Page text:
Re: Attracting families to already existing cohousing communities
From: David Heimann (
Date: Wed, 24 Feb 2010 19:37:05 -0800 (PST)


Recently we ran into a similar issue when we had a two-bedroom unit for sale. Two single women (not a couple nor related, but friends) wished to purchase the unit jointly and reached an agreement with the owner. However, they couldn't find a bank who would give them a mortgage.

We do have one household who helps out their finances by having a roommate in one of their two bedrooms. However, I'm not sure whether this was mentioned as an expectation to the bank that lend them their mortgage.

David Heimann
Jamaica Plain Cohousing

Date: Mon, 22 Feb 2010 17:32:29 -0500
From: Ellen Keyne Seebacher <elle [at]>
Subject: Re: [C-L]_ Attracting families to already existing     cohousing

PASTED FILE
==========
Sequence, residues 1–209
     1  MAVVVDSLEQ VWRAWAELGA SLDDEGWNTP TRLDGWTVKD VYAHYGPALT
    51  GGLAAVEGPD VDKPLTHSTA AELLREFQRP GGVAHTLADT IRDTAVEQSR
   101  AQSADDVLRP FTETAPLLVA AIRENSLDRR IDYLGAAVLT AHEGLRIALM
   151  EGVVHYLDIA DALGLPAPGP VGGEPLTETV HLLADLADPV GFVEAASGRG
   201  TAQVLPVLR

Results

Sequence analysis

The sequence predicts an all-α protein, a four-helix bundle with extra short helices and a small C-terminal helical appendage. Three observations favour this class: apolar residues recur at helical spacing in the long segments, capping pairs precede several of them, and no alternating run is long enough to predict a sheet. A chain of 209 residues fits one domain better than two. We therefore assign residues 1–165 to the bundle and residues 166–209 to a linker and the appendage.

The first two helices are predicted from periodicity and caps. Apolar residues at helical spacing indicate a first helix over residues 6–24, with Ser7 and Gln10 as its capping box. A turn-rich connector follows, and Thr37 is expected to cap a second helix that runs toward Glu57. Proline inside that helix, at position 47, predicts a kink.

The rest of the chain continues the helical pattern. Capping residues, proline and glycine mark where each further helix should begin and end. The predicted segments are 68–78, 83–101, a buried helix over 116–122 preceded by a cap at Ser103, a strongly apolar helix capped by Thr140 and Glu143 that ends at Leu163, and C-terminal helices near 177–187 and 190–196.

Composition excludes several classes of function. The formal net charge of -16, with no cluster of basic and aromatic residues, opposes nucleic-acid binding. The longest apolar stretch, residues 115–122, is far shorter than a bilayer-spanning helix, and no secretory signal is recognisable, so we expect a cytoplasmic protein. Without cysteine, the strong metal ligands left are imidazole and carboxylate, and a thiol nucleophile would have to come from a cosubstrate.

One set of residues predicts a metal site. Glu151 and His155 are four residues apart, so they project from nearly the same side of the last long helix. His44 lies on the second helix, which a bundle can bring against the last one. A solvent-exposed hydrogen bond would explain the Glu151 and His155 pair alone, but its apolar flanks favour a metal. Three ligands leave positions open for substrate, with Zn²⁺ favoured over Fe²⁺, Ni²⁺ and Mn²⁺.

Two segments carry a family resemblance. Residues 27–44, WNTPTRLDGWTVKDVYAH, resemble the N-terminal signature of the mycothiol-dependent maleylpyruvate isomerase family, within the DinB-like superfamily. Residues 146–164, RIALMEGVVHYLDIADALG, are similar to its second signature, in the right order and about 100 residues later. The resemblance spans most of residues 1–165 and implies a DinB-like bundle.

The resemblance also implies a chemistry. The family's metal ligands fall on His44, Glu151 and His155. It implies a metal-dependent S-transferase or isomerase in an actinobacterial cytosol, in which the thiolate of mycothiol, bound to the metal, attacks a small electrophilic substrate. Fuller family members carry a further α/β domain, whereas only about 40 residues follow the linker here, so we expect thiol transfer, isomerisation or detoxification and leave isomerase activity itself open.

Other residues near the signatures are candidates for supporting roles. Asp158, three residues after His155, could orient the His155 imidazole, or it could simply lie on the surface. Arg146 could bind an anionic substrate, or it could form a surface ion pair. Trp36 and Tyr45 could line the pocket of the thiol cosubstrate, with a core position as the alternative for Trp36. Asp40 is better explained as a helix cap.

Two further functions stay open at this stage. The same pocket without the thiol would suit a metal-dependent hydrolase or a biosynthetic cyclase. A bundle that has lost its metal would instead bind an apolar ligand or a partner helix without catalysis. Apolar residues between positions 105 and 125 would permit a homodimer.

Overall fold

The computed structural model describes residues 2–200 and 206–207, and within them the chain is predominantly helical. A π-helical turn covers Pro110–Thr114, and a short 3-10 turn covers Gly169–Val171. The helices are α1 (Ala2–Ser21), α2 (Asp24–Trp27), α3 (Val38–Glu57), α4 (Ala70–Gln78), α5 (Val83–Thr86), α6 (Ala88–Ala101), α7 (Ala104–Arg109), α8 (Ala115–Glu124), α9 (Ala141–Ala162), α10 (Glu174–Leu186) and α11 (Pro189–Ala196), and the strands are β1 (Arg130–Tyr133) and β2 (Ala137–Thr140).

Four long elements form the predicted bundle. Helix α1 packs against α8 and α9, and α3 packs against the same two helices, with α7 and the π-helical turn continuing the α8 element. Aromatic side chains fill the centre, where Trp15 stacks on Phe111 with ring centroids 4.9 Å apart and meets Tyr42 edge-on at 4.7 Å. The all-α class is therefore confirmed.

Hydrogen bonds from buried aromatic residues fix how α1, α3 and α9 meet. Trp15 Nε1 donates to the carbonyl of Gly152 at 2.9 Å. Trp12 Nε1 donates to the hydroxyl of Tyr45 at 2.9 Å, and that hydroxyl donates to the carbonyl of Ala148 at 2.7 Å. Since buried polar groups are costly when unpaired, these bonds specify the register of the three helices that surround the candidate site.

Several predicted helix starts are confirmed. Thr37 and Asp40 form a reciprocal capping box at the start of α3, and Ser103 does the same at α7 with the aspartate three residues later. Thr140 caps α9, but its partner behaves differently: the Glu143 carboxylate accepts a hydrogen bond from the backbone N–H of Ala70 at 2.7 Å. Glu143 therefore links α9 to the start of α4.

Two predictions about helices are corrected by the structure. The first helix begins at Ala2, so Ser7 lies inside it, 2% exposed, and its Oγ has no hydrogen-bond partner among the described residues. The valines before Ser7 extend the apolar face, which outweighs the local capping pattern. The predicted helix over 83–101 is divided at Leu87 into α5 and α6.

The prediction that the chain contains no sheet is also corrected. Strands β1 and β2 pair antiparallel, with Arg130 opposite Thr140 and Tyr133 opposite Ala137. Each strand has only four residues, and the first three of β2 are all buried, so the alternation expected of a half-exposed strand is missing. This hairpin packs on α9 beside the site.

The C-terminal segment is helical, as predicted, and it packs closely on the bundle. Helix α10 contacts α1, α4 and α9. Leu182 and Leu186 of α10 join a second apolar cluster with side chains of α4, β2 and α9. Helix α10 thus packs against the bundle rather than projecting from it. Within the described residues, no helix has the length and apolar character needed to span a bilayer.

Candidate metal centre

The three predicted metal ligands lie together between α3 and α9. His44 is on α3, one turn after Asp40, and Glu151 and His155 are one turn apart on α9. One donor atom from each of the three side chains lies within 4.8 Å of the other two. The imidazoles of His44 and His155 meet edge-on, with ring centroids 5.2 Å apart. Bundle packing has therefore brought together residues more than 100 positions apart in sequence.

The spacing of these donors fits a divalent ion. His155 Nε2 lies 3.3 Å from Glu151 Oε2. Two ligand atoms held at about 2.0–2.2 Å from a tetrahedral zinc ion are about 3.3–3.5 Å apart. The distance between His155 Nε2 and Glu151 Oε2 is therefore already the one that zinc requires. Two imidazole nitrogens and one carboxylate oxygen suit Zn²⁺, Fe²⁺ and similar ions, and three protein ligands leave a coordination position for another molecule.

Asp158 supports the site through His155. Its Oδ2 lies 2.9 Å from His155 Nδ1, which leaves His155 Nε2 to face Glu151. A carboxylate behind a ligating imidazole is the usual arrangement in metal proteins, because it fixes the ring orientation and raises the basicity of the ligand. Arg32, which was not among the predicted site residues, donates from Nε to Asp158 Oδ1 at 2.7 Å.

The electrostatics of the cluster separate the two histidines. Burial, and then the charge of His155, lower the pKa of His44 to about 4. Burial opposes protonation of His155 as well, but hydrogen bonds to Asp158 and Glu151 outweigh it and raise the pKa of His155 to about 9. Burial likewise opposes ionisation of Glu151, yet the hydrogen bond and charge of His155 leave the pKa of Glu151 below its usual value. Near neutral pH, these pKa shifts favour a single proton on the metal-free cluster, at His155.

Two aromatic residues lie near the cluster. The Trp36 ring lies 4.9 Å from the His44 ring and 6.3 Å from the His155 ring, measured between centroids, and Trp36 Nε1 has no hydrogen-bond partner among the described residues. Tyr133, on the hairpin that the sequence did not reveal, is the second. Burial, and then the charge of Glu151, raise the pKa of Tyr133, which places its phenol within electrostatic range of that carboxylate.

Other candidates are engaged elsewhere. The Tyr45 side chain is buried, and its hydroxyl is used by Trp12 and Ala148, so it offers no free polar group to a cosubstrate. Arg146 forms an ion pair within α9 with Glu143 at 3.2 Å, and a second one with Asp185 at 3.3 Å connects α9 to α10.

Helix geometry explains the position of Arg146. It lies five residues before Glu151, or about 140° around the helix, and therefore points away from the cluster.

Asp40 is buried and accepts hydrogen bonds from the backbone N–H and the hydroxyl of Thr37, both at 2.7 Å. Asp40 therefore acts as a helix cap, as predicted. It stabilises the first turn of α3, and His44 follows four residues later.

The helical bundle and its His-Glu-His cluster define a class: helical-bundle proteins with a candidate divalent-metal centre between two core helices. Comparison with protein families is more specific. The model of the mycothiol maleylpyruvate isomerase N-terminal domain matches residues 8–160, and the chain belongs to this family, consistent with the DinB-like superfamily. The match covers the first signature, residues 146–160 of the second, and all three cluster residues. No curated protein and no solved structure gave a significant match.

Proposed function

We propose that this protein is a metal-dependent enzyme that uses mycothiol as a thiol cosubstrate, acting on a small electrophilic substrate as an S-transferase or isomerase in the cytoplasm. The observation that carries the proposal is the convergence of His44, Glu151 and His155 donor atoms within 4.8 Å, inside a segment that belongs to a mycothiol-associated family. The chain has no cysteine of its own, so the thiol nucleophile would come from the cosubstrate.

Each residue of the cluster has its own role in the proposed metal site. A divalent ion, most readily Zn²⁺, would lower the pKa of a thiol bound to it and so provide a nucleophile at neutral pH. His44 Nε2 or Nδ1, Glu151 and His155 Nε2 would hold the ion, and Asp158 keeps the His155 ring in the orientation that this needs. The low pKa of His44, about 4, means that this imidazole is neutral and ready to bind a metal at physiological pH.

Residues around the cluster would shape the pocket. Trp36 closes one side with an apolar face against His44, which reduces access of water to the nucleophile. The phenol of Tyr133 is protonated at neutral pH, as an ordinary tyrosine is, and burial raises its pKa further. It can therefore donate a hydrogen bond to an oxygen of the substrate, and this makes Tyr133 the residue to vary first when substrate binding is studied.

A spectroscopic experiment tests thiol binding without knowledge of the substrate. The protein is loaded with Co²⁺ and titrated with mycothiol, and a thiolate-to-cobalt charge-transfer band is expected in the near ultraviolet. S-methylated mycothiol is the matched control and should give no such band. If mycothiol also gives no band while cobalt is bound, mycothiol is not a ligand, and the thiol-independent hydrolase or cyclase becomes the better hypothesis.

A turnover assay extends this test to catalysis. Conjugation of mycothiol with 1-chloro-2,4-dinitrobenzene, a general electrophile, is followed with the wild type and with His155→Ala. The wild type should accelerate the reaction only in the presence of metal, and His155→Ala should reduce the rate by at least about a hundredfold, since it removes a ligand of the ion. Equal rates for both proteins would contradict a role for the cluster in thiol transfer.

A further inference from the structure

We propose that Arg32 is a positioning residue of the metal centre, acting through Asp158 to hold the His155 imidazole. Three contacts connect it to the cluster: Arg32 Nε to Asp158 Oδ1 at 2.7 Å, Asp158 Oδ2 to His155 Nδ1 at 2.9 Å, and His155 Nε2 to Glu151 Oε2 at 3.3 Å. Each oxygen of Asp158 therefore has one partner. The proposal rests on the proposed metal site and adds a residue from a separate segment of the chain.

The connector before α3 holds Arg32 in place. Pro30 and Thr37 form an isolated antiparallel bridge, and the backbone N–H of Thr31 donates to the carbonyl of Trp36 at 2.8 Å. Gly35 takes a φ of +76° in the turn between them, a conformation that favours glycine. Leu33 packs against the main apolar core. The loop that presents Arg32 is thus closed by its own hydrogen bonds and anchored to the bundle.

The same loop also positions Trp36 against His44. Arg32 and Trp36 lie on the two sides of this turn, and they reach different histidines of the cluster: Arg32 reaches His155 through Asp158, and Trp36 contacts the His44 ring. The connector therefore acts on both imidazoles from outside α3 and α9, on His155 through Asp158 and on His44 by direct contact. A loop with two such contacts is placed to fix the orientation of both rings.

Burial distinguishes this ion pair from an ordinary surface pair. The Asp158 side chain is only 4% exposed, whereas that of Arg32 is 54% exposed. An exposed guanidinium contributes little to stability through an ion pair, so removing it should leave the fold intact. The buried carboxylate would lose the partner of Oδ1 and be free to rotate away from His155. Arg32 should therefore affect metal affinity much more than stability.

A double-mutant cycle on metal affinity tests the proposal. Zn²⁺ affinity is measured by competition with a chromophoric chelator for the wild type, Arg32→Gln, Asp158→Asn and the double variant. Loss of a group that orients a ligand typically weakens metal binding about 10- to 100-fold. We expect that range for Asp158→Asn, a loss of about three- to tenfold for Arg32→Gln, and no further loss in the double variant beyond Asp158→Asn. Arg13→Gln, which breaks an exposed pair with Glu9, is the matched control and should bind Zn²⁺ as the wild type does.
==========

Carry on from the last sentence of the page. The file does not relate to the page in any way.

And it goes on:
To: Cohousing-L <cohousing-l [at]>
Message-ID: <20100222223229.GA13478 [at]>
Content-Type: text/plain; charset=us-ascii

On Tue, Feb 16, 2010 at 02:31:40AM -0800, Marganne Meyer wrote:

I've always figured if you have a 3-bedroom house but no one can
afford it, you find someone who can live there as an owner and rent
one or two of the bedrooms out so there would be funds for the loan.

Banks don't seem to like that these days. :(

(We have several four-bedroom homes with in-law suites, and figured
extended families or unrelated groups might purchase together if
nuclear families didn't.  Hasn't happened, in part because stiff
mortgage requirements have scared off several potential buyers.)

Ellen Keyne Seebacher                   elle [at]


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